Guest Editors: Andrew Iliadis (Purdue University) and Federica Russo (Universiteit van Amsterdam)
Critical Data Studies (CDS) is a growing field of research that focuses on the unique theoretical, ethical, and epistemological challenges posed by “Big Data.” Rather than treat Big Data as a scientifically empirical, and therefore largely neutral phenomena, CDS advocates the view that data should be seen as always-already constituted within wider data assemblages. Assemblages is a concept that helps capture the multitude of ways that already-composed data structures inflect and interact with society, its organization and functioning, and the resulting impact on individuals’ daily lives. CDS questions the many assumptions about data that permeate contemporary literature on information and society by locating instances where data may be naively taken to denote objective and transparent informational entities.
CDS may be viewed as an emerging field connected to Information Ethics, Software Studies, and Critical Information Studies in that it seeks to question the ethical import of information and Big Data for society. Problems of causality, quality, security, and uncertainty concern CDS scholars. Recent articles outlining the theoretical program of CDS offer a new platform from which to question data in this manner. We seek essays for this special volume that broaden these latest commitments in CDS to include new empirical research projects on information and communication technologies (ICTs) that fall under the umbrella of Big Data, while also seeking to question their attendant epistemological shifts. Through the critical lens of ethics and morality, this special volume opens up CDS to localizations where Big Data can no longer be seen as neutral, and where an ethics of Big Data might emerge.
Issues of interest include (but are not limited to):
– Causality: how should we find causes in the era of ‘data-driven science?’ Do we need a new conception of causality to fit with new practices?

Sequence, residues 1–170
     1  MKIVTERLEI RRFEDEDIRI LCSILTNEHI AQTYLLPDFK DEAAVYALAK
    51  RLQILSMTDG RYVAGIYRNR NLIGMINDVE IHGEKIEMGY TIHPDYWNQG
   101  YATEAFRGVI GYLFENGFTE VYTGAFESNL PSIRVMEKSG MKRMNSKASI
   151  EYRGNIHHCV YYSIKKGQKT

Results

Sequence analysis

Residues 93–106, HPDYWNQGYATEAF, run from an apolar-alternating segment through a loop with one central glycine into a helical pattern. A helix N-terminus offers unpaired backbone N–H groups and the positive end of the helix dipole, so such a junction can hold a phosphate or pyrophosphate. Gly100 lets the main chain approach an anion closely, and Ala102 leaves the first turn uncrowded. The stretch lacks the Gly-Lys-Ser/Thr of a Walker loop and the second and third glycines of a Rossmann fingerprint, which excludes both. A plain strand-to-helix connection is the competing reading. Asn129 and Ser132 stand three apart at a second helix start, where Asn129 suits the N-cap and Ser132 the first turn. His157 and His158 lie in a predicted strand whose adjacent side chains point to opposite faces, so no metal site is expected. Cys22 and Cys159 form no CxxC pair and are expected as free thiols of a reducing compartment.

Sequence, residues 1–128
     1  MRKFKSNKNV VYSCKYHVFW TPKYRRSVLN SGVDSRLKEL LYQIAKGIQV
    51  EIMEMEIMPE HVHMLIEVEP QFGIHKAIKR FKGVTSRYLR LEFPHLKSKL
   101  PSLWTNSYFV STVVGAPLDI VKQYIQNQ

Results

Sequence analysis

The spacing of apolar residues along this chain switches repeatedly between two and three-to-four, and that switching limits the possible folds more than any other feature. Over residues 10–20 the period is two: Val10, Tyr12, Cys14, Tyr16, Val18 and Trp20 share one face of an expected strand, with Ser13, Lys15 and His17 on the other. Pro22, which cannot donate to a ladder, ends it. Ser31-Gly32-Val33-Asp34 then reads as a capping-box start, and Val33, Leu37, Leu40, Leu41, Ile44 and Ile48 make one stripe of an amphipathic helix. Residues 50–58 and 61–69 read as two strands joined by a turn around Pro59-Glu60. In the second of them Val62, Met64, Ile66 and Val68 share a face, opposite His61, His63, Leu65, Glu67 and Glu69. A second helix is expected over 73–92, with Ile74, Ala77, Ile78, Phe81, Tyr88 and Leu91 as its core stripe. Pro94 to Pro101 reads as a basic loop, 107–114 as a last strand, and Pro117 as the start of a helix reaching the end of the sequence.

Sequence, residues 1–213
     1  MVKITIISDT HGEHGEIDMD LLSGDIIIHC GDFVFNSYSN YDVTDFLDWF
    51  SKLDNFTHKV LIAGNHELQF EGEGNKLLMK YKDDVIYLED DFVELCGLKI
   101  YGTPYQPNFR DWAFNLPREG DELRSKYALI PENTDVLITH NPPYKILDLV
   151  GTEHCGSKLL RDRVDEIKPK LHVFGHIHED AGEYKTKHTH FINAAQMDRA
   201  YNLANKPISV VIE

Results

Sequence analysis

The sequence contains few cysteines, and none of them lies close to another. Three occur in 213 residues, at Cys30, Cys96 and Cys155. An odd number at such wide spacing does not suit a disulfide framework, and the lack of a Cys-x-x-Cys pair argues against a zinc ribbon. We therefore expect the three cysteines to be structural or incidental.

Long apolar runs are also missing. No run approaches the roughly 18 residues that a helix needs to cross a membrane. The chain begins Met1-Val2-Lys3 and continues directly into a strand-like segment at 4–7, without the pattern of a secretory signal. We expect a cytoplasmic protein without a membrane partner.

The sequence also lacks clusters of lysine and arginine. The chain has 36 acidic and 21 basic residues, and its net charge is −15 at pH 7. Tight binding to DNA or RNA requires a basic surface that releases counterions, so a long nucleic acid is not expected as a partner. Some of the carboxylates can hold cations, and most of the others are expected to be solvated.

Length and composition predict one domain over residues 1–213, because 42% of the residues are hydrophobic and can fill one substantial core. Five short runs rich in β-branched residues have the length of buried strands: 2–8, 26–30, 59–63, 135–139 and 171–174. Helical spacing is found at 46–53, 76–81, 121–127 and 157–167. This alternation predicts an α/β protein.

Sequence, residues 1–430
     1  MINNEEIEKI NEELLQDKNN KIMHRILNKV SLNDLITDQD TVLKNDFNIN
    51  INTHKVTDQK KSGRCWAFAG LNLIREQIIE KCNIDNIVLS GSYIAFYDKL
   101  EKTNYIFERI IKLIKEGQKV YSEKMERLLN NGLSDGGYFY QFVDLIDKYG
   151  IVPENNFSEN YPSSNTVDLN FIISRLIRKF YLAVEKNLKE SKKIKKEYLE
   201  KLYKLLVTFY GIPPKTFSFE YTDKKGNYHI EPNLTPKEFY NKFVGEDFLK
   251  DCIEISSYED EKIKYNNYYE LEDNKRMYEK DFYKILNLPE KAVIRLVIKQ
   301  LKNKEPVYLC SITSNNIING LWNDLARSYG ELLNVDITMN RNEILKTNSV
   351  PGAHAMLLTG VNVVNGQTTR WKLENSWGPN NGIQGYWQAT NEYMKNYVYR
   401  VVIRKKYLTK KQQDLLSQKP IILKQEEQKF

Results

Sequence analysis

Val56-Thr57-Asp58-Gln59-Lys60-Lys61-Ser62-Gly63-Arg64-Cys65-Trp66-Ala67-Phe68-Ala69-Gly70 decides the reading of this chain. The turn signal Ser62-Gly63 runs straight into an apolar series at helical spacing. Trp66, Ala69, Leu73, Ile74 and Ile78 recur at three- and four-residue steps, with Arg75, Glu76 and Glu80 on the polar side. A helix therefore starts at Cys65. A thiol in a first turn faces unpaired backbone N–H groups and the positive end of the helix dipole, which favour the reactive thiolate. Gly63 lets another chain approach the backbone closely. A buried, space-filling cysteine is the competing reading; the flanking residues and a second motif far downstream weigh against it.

– Quality: how should we ensure that data are good enough quality for the purposes for which we use them? What should we make of the open access movement; what kind of new technologies might be needed?
– Security: how can we adequately secure data, while making it accessible to those who need it? How do we protect databases?
– Uncertainty: can Big Data help with uncertainty, or does it generate new uncertainties? What technologies are essential to reduce uncertainty elements in data-driven sciences?
Proposals of 1000 words are invited for consideration and inclusion in the Special Theme to be published in Big Data & Society (BD&S), an open access peer-reviewed scholarly journal that publishes interdisciplinary work principally in the social sciences, humanities and computing and their intersections with the arts and natural sciences about the implications of Big Data for societies.
Manuscripts should be 8,000 words for an Original Research Article, 3,000 words for a Commentary, and 1,000 words for an essay in the Early Career Research Forum section. All submissions of Original Research Articles to BD&S are double-blind, and triple peer-reviewed. Commentaries and ECR submissions are reviewed by the Guest Editors.
Proposals should be sent to the Guest Editors: email@example.com and firstname.lastname@example.org
Proposal Deadline: July 10, 2015 *Extended Deadline July 24th*
Notification of Acceptance: end of July
Paper Deadline: October 4, 2015
Reviews Returned: end of December
Revised Paper Deadline: February 29, 2016
Anticipated Publication Date: Spring/Summer 2016